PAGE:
• Polyethlyene– Plastic microbead lodges in gums causing discoloration and gingivitis.
  • Aluminum oxide– Abrasive, neurotoxic, amyloid plaque forming, parathyroid hormone suppression, Neuro-, Skeletal and hepatotoxicity seen in premature infants exposed to aluminum as a contaminant in parentarel nutrition solution, also used in the manufacture of abrasives, refractories, ceramics, electrical insulators and resistors, catalysts, paper, spark plugs, and laboratory works, light bulbs, artificial gems, alloys, glass, heat resistant fibres, food additives (as a dispersing agent), in hollow-fibre membrane units for water desalination and in haemodialysis.
  • Sodium Lauryl Sulfate– Detergent/Foaming agent- American College of Toxicology reports that sodium laurel sulfate may stay within the body for up to five days, accumulating in the heart, liver, lungs and brain. When combined with certain other chemicals, sodium laurel sulfate transforms into nitrosamines, a class of powerful carcinogens that cause the body to absorb harmful nitrates.

Toothpaste is toxic

Even some natural brands of toothpaste contain fluoride and abrasives like calcium carbonate and silica. Abrasivity is an important characteristic of toothpaste. It is the amount of wear a substance will have on the enamel of the tooth. An index called the Radioactive Dentin Abrasivity was generated by looking at how much abrasion a substance or toothpaste will cause. The higher the RDA, the more dentin erosion.7 Additionally, toothpastes labeled “whitening” are generally more abrasive to dentin, especially if they contain silica.­8  It was surprising to see where most conventional toothpastes rank.

Have a look: http://c2-preview.prosites.com/131248/wy/docs/131248_rdh%20sheet.pdf

Is Remineralizing Possible? Yes!

Step 1– Get the pH of the mouth back to neutral

To maintain a neutral mouth pH it is important to have good oral hygiene. Get your teeth cleaned, avoid excessively acidic food and beverage and clear up any infections. Plaque produced by bacteria has a low and acidic pH which causes mineral loss from teeth. The low pH also enables other acid-loving organisms to thrive and continue to produce acid long after a food substrate has been used up.­­­9 Regular brushing is an important part of oral bacterial removal.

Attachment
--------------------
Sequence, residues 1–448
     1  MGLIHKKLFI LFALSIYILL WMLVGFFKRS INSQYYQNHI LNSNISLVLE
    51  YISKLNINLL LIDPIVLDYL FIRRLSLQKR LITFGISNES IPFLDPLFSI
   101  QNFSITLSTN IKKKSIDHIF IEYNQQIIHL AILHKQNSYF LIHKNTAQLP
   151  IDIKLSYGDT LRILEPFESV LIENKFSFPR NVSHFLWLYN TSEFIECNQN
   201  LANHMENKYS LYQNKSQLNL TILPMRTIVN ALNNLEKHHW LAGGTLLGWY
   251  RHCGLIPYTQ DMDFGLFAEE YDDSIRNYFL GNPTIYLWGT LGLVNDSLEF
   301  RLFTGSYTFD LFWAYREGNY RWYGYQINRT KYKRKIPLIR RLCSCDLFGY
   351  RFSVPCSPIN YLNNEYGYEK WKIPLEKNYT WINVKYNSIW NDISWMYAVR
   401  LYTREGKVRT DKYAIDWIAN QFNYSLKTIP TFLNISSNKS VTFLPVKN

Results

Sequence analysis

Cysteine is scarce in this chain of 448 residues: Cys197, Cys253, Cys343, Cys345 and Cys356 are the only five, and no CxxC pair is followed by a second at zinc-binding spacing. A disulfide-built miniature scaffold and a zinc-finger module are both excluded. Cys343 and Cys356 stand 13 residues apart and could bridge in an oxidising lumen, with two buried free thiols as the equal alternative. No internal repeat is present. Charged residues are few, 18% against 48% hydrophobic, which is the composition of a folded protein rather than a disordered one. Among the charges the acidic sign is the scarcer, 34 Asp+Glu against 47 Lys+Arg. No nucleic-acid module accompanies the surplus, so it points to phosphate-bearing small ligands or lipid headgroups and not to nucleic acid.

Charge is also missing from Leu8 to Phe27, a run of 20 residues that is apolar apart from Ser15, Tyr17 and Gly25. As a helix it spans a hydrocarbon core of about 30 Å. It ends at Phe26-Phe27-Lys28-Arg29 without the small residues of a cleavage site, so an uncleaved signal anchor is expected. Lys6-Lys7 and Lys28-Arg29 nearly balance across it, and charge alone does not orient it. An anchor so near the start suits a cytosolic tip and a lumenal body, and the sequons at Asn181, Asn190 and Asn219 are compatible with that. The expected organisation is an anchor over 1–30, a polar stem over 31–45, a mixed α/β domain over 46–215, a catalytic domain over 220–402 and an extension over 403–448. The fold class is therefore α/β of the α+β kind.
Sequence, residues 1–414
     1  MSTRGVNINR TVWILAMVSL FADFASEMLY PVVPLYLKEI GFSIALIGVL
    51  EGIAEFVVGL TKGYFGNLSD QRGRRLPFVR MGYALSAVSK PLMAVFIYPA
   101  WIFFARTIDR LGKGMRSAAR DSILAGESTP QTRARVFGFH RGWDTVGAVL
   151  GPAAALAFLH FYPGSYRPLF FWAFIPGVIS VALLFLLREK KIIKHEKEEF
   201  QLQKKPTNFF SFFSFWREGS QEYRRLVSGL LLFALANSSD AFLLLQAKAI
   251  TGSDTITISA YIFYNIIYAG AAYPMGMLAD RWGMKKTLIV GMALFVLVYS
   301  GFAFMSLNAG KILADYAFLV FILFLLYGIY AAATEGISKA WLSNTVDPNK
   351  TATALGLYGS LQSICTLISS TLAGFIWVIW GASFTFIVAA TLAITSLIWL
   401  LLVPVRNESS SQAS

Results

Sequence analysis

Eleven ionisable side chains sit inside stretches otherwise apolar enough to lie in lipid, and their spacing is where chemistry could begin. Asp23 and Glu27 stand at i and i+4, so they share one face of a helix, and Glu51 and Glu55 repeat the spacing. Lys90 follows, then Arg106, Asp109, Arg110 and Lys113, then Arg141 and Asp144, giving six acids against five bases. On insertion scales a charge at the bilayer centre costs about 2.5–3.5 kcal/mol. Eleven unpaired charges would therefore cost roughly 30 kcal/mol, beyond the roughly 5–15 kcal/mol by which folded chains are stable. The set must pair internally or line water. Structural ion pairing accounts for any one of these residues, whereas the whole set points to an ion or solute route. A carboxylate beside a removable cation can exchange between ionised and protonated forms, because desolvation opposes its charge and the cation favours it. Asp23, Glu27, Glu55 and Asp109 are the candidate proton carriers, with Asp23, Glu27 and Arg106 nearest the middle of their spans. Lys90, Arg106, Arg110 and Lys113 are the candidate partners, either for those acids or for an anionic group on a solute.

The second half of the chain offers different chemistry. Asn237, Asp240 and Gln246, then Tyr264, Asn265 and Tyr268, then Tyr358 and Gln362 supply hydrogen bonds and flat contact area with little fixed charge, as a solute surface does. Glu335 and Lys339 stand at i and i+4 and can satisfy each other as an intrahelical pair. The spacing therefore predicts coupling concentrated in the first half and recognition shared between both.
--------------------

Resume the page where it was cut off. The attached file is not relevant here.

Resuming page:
Step 2– Mineral supplementation

Minerals can penetrate the damaged enamel surface and repair it at pH values above 5.5 (enamel) and 6.5 (dentin). Enjoy neutral or basic foods like fresh green vegetables as much as possible. Making sure you are eating foods high in calcium is important too: spinach, kale, okra, collards, white beans and fish like sardines, perch, salmon and rainbow trout. Mineral salts will dissolve into the teeth promoting remineralization which has been shown to make teeth stronger and more resilient to cavities than before. 10-13

So what would a non-toxic toothpaste, with low abrasivity look like? Here is my recipe. It is raw, organic and effective. Enjoy!

ToothpasteDental Love Toothpaste

Coconut oil Used in oil pulling, works to dissolve and remove bacteria from the teeth. Contains caprylic acid, an antifungal.
Baking Soda Removes stains, whitens and polishes teeth, removes plaque
Liquid minerals (no magnesium) Remineralize teeth
Colloidal Silver Antimicrobial to kill bacteria and keep product stable.
Calcium carbonate- optional Remineralize teeth, mild abrasive
Essential oils Anti-microbial, for taste + freshness
Stevia For taste

 

Directions: in a double boiler, heat coconut oil on low until melted. Add in the other ingredients and mix well. Leave out to harden or put in fridge. Prior to use, whip it up with a fork until it has a whip cream texture.

Store: in a glass container. Keep in the fridge in warm climates.